Angel Deradoorian steps out of Dirty Projectors’ shadow on debut EP

For 22-year-old Dirty Projectors bassist and solo artist Angel Deradoorian, the morning begins with an egg and cheese with avocado on a toasted sesame bagel. “Shit, can I call you right back?” Deradoorian exclaims. “I’m on the other line ordering breakfast.”

It’s forgivable that Deradoorian is a bit preoccupied. She’s about to hop on a plane to LA after our interview and has just returned from SXSW performing with the Dirty Projectors and solo, promoting her new EP, Mind Raft.

With the release of the heavily buzzworthy Bitte Orca (Domino) garnering solid critical acclaim, and live dates with Björk, TV on the Radio, and David Byrne, many would consider this “the year of the Dirty Projectors.” Also in 2009, Deradoorian stepped onto stage by herself with her solo debut, in the midst of the Dirty Projectors’ hysteria.

“I grew up in California and went to a public middle school, so I did always feel really awkward, especially in eighth grade,” Deradoorian says. “Every girl was pretty much a huge bitch, and I didn’t know how to deal with that yet. I wasn’t interested in what they were interested in, so I really felt pretty isolated.”

Mind Raft, with its hushed, bedroom melodies and down-tempo moodiness, bears some of the scars of that high-school angst and reflects a young woman slowly coming to understand herself as an artist. “There’s definitely some sadness on the record,” Deradoorian says. “These were the first songs of mine that I felt were fit for public consumption. I found them to be the most sincere and compatible with my persona. I’m learning as I go.”

After relocating to New York from California, Deradoorian met Projectors’ leader David Longstreth and quickly formed a musical bond. From there, Deradoorian joined the circus and never looked back.

“I met Dave in 2006, like a month after I moved to New York,” Deradoorian says. “I was just around a lot because I knew some of his friends and played music with them, and he asked me to join soon after. Almost immediately, we went on tour with Grizzly Bear, and it was crazy. It took me about a year to adapt to Dave’s music and life on the road.”

As for the creative process, Deradoorian acknowledges her role in the band and is content to let Dave do his thing. “I’m just trying to do as good as I can,” she says. “Joining the band was incredibly exciting and something that I was definitely ready for, so I put all my creative energy into being as good as possible.”

While being a Dirty Projector provides fertile ground for experimentation, Mind Raft is a trip into the ether of Deradoorian’s mind. It’s by turns spacey and beautiful, eerie and unsettling.

“I don’t know if I want to divulge who influenced Mind Raft,” Deradoorian laughs. “I’m really into kraut rock. It’s really pleasing to my ears to hear something like Can. I also listen to a lot of classical and Middle Eastern music.”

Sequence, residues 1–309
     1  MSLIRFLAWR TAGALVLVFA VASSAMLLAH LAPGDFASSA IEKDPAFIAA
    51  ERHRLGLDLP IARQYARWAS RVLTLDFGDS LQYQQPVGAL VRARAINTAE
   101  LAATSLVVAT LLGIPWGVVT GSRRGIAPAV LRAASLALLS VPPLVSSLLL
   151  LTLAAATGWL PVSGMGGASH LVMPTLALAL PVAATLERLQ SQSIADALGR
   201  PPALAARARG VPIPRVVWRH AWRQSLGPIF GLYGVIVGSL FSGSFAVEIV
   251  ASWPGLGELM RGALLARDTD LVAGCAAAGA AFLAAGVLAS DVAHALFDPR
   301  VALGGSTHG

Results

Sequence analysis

Between the exhaustive touring schedule of the Projectors, Deradoorian slowly began piecing Mind Raft together over a period of several years.

“I had a basic idea of what the record was going to sound like, but it ended up sounding way different than I had heard it in my head,” she says. “I wanted the drum tones to be very dead sounding, and I like reverb a lot, so those two things are in there. If I had to describe the record’s sound, I’d call it faux-psych R&B.” (Laughs)

The multi-talented Deradoorian feels a kinship with most instruments and believes that writing lyrics is the tough part of the gig.

“It’s weird that I play bass in the Projectors, but that’s actually the last instrument I learned,” she says. “Lyrics aren’t my strong point, so I usually don’t write music from a lyrical standpoint. I pretty much stay in my apartment and jam and try to figure something out.

“I come up with a lot of vocal melodies in the shower; that’s kind of my thing. So if I can remember them after I’ve showered, then I’ll try and record them before I forget.”

Prolificacy is not her goal, so for her next solo record, Deradoorian is content to take her time. “The next record will be a full-length, and I’ve set an incredibly long list of challenges for myself,” she says. “There’s just so much more that I want to do, and I want to make it really good. I really want to take a chunk of time and go off somewhere and work on it by myself.”

Deradoorian is quiet and contemplative throughout our interview, breaking for long pauses between responses, and obviously a bit uncomfortable with the whole process. She reflects a naïveté balanced with a confidence gained from years on the road.

“It depends on what you think an old soul is, I guess,” Deradoorian says. “I’ve been touring almost non-stop since I was 17, so I feel in that way I’ve become accustomed to traveling, but it’s so different each time. Especially when your band is becoming more successful like the Dirty Projectors, things seem to be changing every day.

“Money isn’t the biggest deal to me, and taking care of my mental health and wellbeing is way more important. I really do love playing my own music, and I’ll be doing that for a long time. Whatever else happens, I’ll figure it out as I go.”

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